NEW ORLEANS — In his first two seasons in San Francisco, Jim Harbaugh has taken the 49ers to two NFC Championship games and one Super Bowl.
Ron Rivera, hired by Carolina six days after Harbaugh was named the Niners’ coach in 2011, has kept the Panthers where they’ve hovered for most of their existence – below .500 and on the outside looking in at the playoffs.
But Rivera, who is 13-19 with the Panthers, believes he stepped into a more challenging situation than Harbaugh did when he moved from Stanford to San Francisco after guiding the Cardinal to an Orange Bowl victory in his final year at Stanford.
“I think everything is different. You look at that team they have and how it was built, a lot of those guys were there before he got there. All he did was take it to the next level,” Rivera said during a recent interview.
“I would have loved to have gone to a place where, hey, these (pieces) are in place. But I got to a team that wasn’t,” Rivera added. “And we’re trying to put those pieces in place. And I think we’ve done a pretty good job. I know the beginning this year didn’t look like that. But it feels like it at the end.”
Slow starts and an inability to win close games have plagued Rivera, who has a 2-12 record in games decided by a touchdown or less. The Panthers have played well down the stretch, with a 9-3 mark in games played after Thanksgiving.
Carolina won five of its final six games last season to finish 7-9 and in second place in the NFC South. Rivera waited a week before owner Jerry Richardson told him he would be retained.
The 49ers had not had a winning season since 2002 until Harbaugh arrived. And while the Niners struggled under Mike Singletary, Harbaugh’s predecessor, they were not devoid of talent, according to former San Francisco coach Steve Mariucci.
“Not to discredit the job that Jim’s doing, he’s doing a great job. But he began with a better team (than Rivera),” said Mariucci, an NFL Network analyst. “Mike Singletary had a pretty decent team there. I think they underachieved a little bit. They lost some close games. They had the talent for a better record, I would say.
“A lot of the building blocks were in place. A lot of these guys that are Pro Bowlers right now were inherited by Jim. He’s developed their skills and he’s getting their full potential out. So that team’s been building over the last five, six years.”
Fifteen of San Francisco’s 22 starters were acquired prior to Harbaugh’s tenure. By comparison, 10 of the Panthers’ starters this past season predated Rivera’s arrival.
Harbaugh and Denver coach John Fox, who spent nine years with the Panthers, have enjoyed the most success among the seven coaches hired before the 2011 season.
Two of the coaches – Pat Shurmur in Cleveland and Hue Jackson in Oakland – have been fired. Two more – Rivera and Dallas’ Jason Garrett – are on the hot seat. And besides Harbaugh and Fox, only Minnesota’s Leslie Frazier has made the postseason.
Harbaugh, who shuns any type of self-promotion, said the Niners’ success is due mostly to his players.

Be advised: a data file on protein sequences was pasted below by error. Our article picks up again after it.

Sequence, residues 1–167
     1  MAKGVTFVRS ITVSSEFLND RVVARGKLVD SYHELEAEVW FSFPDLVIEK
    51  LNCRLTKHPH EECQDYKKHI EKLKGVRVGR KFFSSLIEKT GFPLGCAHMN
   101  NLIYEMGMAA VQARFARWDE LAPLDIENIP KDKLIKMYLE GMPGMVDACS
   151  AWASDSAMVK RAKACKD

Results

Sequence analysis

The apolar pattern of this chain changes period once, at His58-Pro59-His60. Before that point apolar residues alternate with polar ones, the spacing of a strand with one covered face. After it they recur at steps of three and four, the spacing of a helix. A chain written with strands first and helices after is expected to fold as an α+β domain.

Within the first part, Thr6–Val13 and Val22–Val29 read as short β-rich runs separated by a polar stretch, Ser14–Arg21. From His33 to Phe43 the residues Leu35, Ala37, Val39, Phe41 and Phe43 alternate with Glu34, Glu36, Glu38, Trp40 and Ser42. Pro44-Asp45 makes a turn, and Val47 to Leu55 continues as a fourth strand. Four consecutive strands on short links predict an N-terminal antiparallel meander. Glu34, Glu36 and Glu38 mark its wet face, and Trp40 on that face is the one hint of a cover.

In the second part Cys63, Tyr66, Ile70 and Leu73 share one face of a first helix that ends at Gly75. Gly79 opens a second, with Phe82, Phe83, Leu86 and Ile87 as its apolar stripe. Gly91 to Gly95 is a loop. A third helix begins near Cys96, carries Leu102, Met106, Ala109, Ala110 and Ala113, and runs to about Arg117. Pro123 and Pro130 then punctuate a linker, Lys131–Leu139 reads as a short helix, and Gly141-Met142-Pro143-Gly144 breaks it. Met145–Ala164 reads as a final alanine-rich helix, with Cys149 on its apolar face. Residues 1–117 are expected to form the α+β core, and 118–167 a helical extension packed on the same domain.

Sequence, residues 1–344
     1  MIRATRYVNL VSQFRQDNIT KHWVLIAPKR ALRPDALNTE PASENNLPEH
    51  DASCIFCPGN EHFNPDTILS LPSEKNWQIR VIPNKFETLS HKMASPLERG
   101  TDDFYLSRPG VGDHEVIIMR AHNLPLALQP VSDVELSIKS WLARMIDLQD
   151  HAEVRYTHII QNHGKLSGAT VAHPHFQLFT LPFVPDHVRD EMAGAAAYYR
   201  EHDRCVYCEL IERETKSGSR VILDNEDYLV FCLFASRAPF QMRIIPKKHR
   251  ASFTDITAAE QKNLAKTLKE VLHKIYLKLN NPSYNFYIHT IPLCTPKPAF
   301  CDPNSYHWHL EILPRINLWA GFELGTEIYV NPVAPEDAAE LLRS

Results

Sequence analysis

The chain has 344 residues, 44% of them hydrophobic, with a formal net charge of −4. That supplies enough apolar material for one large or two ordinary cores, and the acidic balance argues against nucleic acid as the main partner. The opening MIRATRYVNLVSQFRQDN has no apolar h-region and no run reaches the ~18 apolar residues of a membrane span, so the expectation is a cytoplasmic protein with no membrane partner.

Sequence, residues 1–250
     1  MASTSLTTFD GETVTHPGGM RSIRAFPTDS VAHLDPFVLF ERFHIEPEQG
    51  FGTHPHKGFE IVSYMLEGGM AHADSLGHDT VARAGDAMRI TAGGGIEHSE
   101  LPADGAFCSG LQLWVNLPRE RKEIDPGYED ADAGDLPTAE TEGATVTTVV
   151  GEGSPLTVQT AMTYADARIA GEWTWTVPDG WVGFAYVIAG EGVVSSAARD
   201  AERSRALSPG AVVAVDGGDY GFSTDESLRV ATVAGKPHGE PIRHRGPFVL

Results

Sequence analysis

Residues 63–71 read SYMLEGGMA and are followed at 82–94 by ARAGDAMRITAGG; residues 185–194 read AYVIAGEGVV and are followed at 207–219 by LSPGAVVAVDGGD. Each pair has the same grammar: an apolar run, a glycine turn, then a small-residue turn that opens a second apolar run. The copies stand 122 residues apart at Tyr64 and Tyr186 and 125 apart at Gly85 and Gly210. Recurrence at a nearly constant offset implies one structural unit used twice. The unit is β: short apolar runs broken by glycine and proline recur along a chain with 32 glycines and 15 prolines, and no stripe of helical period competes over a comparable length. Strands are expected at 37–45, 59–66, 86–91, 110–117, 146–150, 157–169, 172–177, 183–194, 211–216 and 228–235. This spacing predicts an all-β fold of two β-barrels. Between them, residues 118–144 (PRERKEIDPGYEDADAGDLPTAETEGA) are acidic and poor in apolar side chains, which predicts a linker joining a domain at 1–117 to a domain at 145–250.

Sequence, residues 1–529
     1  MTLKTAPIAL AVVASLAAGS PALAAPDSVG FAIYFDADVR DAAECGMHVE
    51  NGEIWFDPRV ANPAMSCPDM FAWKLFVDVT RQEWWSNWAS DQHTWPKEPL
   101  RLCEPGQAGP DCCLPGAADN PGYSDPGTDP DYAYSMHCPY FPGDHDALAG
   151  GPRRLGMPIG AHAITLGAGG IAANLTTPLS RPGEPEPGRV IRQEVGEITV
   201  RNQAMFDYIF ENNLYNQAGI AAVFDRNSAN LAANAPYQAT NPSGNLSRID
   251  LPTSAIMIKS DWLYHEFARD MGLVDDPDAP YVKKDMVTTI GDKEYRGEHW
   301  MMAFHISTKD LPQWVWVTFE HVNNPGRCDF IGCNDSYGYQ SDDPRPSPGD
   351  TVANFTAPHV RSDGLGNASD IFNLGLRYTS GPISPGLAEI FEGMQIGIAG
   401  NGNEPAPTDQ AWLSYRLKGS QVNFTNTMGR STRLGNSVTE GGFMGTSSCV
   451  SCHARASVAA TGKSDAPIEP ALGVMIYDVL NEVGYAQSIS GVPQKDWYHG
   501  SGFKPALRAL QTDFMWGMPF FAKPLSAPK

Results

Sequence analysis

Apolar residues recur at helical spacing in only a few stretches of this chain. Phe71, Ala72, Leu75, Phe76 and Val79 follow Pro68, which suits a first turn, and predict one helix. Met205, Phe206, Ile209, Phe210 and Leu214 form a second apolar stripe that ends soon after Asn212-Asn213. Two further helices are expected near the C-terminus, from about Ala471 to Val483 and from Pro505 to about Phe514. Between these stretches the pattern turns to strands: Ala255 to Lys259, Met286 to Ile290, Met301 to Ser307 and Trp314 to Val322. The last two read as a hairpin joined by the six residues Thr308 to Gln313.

“The talent of our players, the character of our players, they’re the ones that are driving this from a blocking, tackling standpoint,” Harbaugh said. “But also from a leadership standpoint. I’ve never been around a team that is more focused on unity, more focused on winning than this group.”
But Harbaugh’s role in the Niners’ resurgence is unmistakable. His boldest move was replacing quarterback Alex Smith – who took the Niners to the NFC title game last season – with Colin Kaepernick after he played well when Smith was sidelined with a concussion in November.
San Francisco quarterbacks coach Geep Chryst said Harbaugh, an NFL quarterback for 14 seasons, has a great feel for the position.
“Not just on game day or during the week with the quarterbacks doing drills, but getting the right guy in the room,” said Chryst, a Panthers’ assistant under Fox. “As a result, we’ve got the right guys in the room to begin with, ultra-competitive but not in a scorch-the-earth policy that if things aren’t going their way they’re pouting.
“The team is still the most important thing, but they’re allowed to compete within that and then go shoulder to shoulder on game day,” Chryst said. “That’s a credit to Jim.”
Rivera was Harbaugh’s teammate for six seasons in Chicago, and worked with Baltimore coach John Harbaugh on Andy Reid’s staff in Philadelphia. When John was with the Eagles, Jack Harbaugh would visit his son in Philadelphia and take the Eagles’ defensive tapes back to Western Kentucky, where he was the head coach.
Rivera said the Harbaugh brothers have different personalities.
“John is a lot more steady and a little bit more reserved. And Jim puts it all out there. I think coach (Jack) Harbaugh is right in the middle,” Rivera said. “It’s amazing to see the dynamics when those guys get together, how competitive they are. It’s a neat thing. I think it’s a good thing for football and it’s going to be a lot of fun to watch the game.”